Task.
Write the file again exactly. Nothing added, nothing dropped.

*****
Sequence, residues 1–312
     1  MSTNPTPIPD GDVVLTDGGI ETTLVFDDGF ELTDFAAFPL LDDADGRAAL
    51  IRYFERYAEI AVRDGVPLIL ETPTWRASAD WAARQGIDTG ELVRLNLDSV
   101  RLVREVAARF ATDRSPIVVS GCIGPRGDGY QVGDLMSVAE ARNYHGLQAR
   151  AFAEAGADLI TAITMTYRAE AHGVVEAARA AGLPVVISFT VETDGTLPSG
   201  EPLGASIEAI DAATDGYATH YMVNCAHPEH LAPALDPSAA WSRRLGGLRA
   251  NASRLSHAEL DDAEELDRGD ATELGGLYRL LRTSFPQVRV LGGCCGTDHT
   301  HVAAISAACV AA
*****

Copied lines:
Sequence, residues 1–312
     1  MSTNPTPIPD GDVVLTDGGI ETTLVFDDGF ELTDFAAFPL LDDADGRAAL
    51  IRYFERYAEI AVRDGVPLIL ETPTWRASAD WAARQGIDTG ELVRLNLDSV
   101  RLVREVAARF ATDRSPIVVS GCIGPRGDGY QVGDLMSVAE ARNYHGLQAR
   151  AFAEAGADLI TAITMTYRAE AHGVVEAARA AGLPVVISFT VETDGTLPSG
   201  EPLGASIEAI DAATDGYATH YMVNCAHPEH LAPALDPSAA WSRRLGGLRA
   251  NASRLSHAEL DDAEELDRGD ATELGGLYRL LRTSFPQVRV LGGCCGTDHT
   301  HVAAISAACV AA